- The Supreme Court’s ruling that a nationwide ban on sports betting is unconstitutional could mean added advertising dollars to Google and Facebook.
- If companies like DraftKings and FanDuel could have a larger market, they will want try to acquire more users and spend more ad dollars on Google and Facebook.
- The deregulation could also make it easier for Facebook to get back into the sports-betting business.
- Watch Google and Facebook trade in real time here.
Google and Facebook could reap the benefits from the Supreme Court’s ruling that a nationwide ban on sports betting is unconstitutional. The Supreme Court’s ruling on Monday gives states the authority to decide whether to allow sports betting.
The total market for sports betting in the United States was reported early in 2018 to be $US150 billion, according to the American Gaming Association.
This could add materially more revenue for Facebook and Google. “Online sports betting could be a nice digital advertising tailwind,” Sandler wrote.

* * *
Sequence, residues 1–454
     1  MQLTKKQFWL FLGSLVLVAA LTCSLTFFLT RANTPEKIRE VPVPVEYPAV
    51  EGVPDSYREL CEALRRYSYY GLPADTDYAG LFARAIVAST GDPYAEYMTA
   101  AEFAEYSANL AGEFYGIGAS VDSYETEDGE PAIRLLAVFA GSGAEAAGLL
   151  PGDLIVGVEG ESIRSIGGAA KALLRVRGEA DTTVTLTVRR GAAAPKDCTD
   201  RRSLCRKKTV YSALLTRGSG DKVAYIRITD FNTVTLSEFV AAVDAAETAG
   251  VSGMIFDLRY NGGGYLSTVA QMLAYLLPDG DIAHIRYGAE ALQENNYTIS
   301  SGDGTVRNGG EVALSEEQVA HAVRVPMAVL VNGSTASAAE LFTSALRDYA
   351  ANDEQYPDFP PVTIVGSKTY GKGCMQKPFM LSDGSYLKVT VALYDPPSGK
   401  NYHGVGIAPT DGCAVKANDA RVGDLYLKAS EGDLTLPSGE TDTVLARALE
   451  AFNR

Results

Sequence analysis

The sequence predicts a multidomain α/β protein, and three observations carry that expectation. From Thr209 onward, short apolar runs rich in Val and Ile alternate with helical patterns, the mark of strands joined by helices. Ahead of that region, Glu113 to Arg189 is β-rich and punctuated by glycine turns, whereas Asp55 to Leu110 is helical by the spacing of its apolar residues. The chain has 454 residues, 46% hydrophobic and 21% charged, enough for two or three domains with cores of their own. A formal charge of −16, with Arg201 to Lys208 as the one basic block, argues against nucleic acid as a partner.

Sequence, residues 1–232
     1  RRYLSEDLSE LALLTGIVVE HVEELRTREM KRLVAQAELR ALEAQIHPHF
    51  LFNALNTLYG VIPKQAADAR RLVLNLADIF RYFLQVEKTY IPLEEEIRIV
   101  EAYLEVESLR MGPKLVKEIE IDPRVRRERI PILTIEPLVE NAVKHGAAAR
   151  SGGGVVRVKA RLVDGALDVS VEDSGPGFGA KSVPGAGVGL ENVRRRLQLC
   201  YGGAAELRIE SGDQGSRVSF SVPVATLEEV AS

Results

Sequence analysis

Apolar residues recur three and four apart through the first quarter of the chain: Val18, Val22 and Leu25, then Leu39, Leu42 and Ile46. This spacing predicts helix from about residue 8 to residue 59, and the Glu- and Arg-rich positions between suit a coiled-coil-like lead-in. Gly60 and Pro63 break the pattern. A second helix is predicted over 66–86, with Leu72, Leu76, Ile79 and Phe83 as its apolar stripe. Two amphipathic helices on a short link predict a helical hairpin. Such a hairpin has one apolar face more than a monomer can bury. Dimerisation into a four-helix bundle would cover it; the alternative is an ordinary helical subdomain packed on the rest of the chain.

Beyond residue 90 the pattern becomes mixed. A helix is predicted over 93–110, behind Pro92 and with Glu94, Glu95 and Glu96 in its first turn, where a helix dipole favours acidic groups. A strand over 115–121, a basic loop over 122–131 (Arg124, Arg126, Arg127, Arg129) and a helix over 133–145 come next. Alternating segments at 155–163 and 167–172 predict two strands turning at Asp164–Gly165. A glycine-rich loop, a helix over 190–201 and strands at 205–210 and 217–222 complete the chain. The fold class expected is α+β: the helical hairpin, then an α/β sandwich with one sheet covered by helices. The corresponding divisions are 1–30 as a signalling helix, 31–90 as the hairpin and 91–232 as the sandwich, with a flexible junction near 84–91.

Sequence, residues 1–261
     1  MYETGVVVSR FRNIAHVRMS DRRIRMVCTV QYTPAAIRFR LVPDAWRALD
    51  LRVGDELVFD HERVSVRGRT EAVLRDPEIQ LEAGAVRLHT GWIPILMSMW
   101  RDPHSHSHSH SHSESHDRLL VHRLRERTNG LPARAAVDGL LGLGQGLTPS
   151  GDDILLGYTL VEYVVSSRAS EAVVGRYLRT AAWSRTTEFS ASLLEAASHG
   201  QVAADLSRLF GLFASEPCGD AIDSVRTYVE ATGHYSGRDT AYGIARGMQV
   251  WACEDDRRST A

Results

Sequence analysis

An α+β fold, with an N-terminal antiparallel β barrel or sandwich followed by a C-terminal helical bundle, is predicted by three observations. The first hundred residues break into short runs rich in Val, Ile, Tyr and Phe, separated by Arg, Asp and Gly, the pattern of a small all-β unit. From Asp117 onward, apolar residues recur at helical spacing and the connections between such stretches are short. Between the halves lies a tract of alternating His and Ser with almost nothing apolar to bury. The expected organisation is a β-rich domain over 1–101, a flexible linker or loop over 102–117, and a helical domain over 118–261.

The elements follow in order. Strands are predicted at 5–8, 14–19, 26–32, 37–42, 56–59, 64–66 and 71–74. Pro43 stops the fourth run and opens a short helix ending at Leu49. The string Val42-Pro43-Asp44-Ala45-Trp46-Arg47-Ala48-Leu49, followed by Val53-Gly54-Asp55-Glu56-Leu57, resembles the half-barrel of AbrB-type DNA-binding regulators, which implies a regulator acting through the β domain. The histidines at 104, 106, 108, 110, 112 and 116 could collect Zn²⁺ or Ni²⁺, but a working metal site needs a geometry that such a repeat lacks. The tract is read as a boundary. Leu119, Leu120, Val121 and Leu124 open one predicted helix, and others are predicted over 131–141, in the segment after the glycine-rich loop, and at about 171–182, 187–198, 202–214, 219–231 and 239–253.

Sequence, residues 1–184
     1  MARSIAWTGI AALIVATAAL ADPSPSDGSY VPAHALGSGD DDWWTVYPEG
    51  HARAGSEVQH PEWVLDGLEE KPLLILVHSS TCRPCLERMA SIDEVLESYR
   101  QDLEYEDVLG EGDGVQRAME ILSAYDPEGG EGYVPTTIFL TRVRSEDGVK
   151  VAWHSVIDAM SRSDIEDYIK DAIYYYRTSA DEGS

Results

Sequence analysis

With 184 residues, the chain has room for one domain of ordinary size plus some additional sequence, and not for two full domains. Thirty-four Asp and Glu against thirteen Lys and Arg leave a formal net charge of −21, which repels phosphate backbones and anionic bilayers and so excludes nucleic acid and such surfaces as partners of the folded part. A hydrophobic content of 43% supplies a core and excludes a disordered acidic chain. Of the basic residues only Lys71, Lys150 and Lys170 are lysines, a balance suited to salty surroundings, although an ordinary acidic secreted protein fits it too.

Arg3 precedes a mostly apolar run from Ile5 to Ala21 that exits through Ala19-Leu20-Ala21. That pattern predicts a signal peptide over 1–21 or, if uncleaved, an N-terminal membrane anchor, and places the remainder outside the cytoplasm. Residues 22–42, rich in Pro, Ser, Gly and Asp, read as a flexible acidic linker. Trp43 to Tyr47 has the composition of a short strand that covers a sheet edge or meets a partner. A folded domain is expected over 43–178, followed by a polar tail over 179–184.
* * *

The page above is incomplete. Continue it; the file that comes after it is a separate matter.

That’s because with more potential sports-betting users on platforms like DraftKings and FanDuel, those companies will spend more on marketing and advertising.”We wouldn’t be surprised if the online and offline casino and betting brands “scorch the earth” with marketing spend right out of the gate,” Sandler said.
Enter Google and Facebook.
“If we assume $US10B annualized ad spend in 2019, and a 50%-Google/YouTube, 40%-Facebook, and 10%-all other mix, sports betting ads could add 4% to revenue for GOOGL and 7% to FB revenue growth,” he said. DraftKings and FanDuel could combine for the largest portion of of sales and marketing spend in 2019, given the deregulation.
That move to a total ad spend of $US10 billion would be way higher than what DraftKings and FanDuel combined to spend in 2015 and 2016. In those years, the two ultra-competitors combined to spend $US500 million on advertising, Sandler pointed out.
Even better for Facebook, the social-media giant could tap into the sports betting business. Facebook had launched an unsuccessful sports-betting platform in 2012 in the UK, “but structurally, everything is in place for users and developers to leverage Facebook as a gaming and sharing channel when online betting goes live,” Sandler said.
Facebook “has payment and gaming infrastructure in place, so could actually enter the business longer term through developer partnerships,” he added.
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